Hang in there, my friends.

 

Happy New Years!!!! an Alzheimer journey by Sue Scoggins

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Some may ask....how you celebrate New Years in "the home".  Well, today was a perfect example.

Figuring a New Years Eve party was not exactly in my agenda for the day, I drove up to help out at Jerry's place.  When I arrived, there were 8 lovely Alzheimer patients seated around a table in the center of the room.  There was Sherri, trying to get them all excited about a New Years celebration.  Some were bright eyed, some were "sleeping", some were happily in their own little world.  

The table was all covered with a  New Years celebration table cloth and curly ribbon was strewn across it.  Metallic gold paper plates were placed around and a balloon was floating in the air.  Jerry was "slumbering."  Sherri asked me to pour the "champagne" (sparkling grape juice) and pass out the grapes while she explained the meaning of the celebration.  We passed out the champaign, she and I blew on the little "blow out" thingies, and we danced around the room shouting "woo-hoo!".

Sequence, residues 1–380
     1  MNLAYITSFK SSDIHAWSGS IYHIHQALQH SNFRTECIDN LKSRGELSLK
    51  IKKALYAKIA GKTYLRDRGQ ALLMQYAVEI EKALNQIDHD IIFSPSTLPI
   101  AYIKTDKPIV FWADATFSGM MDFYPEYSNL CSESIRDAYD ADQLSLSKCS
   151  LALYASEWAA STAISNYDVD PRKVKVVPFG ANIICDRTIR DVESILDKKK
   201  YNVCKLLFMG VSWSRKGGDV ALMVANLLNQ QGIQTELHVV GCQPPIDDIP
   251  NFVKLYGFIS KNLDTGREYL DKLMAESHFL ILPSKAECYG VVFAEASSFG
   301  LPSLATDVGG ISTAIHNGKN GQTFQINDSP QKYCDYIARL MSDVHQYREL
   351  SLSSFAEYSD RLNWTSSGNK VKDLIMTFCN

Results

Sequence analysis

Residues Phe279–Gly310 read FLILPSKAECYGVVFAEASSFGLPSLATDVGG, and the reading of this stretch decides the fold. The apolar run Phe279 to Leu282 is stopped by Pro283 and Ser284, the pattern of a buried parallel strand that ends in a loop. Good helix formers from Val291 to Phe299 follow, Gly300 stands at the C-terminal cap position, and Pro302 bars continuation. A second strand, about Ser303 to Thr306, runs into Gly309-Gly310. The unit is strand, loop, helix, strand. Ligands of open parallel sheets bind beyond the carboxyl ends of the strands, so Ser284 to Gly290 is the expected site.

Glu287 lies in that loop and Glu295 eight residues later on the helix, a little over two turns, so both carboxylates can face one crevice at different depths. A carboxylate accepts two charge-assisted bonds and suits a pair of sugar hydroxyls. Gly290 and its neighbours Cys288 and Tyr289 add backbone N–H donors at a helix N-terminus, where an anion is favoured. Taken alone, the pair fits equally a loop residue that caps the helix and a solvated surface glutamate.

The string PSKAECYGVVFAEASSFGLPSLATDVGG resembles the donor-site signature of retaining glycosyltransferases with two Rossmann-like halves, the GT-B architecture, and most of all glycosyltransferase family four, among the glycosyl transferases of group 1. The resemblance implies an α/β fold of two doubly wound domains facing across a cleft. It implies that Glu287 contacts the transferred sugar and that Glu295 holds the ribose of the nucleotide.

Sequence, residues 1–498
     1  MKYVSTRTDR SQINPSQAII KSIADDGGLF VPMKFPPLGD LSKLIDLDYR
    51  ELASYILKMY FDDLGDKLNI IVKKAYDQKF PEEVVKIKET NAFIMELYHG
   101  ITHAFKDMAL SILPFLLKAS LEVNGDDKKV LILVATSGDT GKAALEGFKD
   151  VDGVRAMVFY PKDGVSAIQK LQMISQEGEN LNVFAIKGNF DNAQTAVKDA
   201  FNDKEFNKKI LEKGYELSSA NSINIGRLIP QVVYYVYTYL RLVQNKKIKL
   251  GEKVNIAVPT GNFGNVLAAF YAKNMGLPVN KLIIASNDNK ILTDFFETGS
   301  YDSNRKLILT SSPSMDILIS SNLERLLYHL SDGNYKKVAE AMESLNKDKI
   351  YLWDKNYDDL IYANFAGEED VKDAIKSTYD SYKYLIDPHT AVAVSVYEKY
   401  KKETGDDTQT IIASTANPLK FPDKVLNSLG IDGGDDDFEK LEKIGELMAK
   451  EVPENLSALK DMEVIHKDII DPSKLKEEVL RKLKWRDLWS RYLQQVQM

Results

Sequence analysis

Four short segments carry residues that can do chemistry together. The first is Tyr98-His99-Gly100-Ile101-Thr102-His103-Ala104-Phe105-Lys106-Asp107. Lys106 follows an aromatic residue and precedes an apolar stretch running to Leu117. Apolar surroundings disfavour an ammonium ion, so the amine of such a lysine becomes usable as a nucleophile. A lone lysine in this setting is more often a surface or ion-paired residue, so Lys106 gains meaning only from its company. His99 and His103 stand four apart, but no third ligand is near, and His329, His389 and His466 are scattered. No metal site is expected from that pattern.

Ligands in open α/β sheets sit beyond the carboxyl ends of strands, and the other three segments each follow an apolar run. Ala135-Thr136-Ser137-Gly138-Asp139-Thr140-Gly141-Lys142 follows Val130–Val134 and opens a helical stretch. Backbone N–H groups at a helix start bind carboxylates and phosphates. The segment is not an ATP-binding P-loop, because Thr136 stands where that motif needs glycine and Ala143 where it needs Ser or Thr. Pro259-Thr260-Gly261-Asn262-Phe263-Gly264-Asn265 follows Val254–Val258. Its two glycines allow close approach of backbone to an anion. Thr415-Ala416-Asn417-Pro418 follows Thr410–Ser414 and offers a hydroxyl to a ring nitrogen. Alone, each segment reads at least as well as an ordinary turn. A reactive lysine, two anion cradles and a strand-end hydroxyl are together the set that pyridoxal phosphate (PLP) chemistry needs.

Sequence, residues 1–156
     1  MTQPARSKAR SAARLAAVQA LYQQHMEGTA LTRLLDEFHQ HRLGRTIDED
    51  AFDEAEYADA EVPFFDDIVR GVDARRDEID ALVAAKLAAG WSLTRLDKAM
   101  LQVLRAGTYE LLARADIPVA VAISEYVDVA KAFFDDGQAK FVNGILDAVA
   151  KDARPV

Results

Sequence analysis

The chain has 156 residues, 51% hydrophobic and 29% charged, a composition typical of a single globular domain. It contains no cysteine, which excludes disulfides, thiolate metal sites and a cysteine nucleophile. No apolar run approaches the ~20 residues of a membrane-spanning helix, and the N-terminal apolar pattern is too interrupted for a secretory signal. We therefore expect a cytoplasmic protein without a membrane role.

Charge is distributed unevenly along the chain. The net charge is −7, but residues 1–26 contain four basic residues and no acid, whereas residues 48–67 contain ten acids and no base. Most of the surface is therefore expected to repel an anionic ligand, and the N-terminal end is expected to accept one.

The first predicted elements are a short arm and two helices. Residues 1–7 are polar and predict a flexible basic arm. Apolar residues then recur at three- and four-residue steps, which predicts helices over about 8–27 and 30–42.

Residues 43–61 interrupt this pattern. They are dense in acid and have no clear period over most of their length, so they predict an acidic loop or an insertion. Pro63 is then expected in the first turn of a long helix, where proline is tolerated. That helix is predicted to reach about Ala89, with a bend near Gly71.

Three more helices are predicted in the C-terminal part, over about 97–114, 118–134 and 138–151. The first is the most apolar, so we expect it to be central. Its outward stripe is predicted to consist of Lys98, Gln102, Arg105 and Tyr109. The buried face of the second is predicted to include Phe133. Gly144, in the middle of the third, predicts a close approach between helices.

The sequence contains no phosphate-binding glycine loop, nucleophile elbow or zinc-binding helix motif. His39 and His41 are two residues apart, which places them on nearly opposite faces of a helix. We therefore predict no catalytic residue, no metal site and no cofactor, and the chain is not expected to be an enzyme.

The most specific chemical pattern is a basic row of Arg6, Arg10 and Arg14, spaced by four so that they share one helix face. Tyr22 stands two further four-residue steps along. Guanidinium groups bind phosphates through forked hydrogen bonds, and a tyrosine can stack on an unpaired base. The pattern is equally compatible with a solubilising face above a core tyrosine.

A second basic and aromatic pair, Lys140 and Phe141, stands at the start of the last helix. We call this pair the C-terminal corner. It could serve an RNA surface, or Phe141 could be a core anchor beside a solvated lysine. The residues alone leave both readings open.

Now, none of the patients knew what in the world was going on, but Sherri and I had a great time.  We laughed our silly heads off, which made them smile.  You could feel the happiness in the room.  In fact, we even saw the staff dancing out in the hall!  It didn't matter if the patients understood or not.  What mattered was that they were raising their eyebrows and smiling.  Some were even laughing.  (for a second or two.)  

Sherri started trying to explain about New Years resolutions.  Most had no idea what those were.  But, they went along with it.  One responded, "Why?"  Another said, "some do...some don't".  Many sat in silence.  "Pick me, pick me" I said.  She picked me and I said, "I'm moving to France!"  Suddenly, Jerry jumped in his chair.  (not literally)  The movement was quick and gone but he obviously heard something that quickened him in response.  Talk about funny. It was!

So that's why you celebrate in the home.  To offer a few minutes of happiness.  It works.  Sometimes.